MARIKINA SHOE MAKING INDUSTRY

The beginning of the Marikina Shoe Industry can be attributed to the initiatives of Laureano Guevara. He served as a municipal captain of Marikina and was lovingly called “Kapitan Moy”. Through his desire to create employment opportunities to the young men in town who do not know any useful trade, he was able to pioneer the shoe-making industry in Marikina. He wanted to create and produce shoes that the common people can afford since during that time only the well-off has the ability to purchase shoes. He was able to learn how to create a shoe through trial and error. With the help of Tiburcio Eustaquio, assisted by Ambrocio Sta. Ines and Gervacio Carlos, Guevara examined an imported shoe he bought during one of his trips to Manila. He scrutinized the different parts of the shoe and studied how they were put together. Through constant experiment and trial and error, he eventually learned and mastered the art of shoemaking. The very first pair he created was given and offered to Fr. Jose Zamora, parish priest of Marikina and it was sold at P2.50 (http://www.nhi.gov.ph/).

Kapitan Moy opened his very own shoe shop in 1881 and from there introduced shoemaking in Marikina. His skills and know-how in shoemaking was then passed on to some trusted assistants (http://www.nhi.gov.ph/). Furthermore, Kapitan Moy envisioned and planned to make shoemaking as a source of livelihood for the whole town and so he made sure that other Marikeños learn the new skills right away (http://www.marikina.gov.ph/). The determination of Kapitan Moy to learn shoemaking and his generosity with his knowledge opened a lot of opportunities to the people of Marikina.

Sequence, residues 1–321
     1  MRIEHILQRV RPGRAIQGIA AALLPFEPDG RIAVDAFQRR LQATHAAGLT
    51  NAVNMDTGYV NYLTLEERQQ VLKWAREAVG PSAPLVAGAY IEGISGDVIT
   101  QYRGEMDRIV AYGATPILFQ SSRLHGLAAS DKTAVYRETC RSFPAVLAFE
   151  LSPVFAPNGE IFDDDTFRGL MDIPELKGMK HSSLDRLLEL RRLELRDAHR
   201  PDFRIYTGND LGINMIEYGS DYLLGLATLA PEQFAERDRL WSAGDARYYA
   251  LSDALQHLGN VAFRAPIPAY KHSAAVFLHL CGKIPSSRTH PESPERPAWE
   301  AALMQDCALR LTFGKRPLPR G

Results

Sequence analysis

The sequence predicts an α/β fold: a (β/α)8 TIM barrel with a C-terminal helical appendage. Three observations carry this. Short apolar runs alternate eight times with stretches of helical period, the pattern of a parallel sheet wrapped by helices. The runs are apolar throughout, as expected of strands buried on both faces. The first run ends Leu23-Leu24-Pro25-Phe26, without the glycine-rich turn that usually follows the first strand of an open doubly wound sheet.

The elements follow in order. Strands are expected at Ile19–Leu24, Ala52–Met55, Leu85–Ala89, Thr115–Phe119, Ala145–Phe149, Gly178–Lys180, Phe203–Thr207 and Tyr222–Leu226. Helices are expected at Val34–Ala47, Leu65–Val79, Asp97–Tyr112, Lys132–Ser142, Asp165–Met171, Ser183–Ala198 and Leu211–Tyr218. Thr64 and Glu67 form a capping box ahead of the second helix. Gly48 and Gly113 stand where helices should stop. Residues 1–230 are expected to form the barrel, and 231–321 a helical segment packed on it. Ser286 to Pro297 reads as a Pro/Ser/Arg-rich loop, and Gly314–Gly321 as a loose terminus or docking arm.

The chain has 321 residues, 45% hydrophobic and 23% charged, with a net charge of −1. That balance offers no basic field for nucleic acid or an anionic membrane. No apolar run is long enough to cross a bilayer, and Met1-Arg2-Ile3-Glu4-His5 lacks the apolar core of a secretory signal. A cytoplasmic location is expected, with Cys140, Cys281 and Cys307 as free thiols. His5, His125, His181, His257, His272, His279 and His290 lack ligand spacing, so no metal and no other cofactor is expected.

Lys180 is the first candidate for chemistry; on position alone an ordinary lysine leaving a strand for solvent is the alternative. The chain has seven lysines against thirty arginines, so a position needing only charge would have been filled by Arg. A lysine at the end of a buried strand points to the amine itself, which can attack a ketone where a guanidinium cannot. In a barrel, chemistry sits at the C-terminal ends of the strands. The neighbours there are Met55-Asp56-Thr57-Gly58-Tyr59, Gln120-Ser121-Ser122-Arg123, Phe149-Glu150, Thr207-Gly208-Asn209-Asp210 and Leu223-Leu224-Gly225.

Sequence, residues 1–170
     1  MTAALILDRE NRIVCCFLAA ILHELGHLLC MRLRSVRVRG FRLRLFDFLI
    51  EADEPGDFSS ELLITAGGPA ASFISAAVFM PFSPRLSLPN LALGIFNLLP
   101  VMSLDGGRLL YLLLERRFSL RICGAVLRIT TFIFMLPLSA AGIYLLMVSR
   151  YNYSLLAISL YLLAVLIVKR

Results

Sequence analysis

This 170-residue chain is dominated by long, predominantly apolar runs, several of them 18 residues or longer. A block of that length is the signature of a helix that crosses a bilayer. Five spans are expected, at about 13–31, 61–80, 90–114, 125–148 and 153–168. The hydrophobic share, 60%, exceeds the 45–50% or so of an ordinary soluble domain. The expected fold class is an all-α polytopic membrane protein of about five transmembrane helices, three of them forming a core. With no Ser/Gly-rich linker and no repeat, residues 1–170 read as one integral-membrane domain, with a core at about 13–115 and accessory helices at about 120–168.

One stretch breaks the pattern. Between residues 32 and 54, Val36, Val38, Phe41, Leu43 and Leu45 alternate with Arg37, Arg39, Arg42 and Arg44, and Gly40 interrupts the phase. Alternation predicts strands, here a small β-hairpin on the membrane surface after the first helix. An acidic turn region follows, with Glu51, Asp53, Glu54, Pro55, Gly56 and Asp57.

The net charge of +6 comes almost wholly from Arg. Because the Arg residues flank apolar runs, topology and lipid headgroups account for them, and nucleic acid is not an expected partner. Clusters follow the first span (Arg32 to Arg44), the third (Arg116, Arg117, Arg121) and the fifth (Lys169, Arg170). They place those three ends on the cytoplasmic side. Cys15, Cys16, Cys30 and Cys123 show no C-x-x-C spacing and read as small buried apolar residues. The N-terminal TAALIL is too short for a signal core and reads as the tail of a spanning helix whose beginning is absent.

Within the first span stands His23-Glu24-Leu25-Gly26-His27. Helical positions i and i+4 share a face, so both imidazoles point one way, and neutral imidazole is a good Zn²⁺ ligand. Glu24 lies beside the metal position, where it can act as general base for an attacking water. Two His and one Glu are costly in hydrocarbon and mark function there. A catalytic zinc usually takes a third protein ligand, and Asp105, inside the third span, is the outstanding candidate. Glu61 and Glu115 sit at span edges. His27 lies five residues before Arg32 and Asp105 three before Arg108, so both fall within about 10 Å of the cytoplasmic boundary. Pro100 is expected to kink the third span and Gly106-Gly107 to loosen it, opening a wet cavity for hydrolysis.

Marikina eventually became well-known for its shoes but during that time, Manila was still the more revered market for shoes. In order for Marikina to penetrate the industry and level up with Manila, Marikeños had to deal with the Chinese merchants who dominate the shoemaking industry because of their abundant raw materials from China and their established stores in Manila. Marikeños had to create a partnership with these Chinese merchants but it was not without trouble because the merchants tend to manipulate and influence the price of the shoes made by the Marikeños and the raw materials bought from them (http://www.marikina.gov.ph/).

Marikeños eventually resisted and they formed a union called “Oras Na” which was organized by Mayor Wenceslao de la Paz. They intended to obstruct the distribution of the finished shoes to the Chinese merchants. But the Chinese merchants were not an easy opponent to let down especially with the large amount of money they have. The Chinese continued to dominate the shoe industry for quite a long time (http://www.marikina.gov.ph/).